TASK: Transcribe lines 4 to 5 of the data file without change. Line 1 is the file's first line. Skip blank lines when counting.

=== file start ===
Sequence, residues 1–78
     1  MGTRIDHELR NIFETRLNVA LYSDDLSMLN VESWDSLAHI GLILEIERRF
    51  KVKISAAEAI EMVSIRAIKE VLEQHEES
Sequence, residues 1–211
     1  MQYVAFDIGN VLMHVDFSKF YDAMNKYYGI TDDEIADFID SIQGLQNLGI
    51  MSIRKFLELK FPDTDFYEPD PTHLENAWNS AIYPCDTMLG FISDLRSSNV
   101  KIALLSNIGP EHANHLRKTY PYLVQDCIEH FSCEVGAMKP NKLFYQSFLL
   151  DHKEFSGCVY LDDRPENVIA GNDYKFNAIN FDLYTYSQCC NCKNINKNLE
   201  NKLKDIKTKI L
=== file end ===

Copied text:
Sequence, residues 1–211
     1  MQYVAFDIGN VLMHVDFSKF YDAMNKYYGI TDDEIADFID SIQGLQNLGI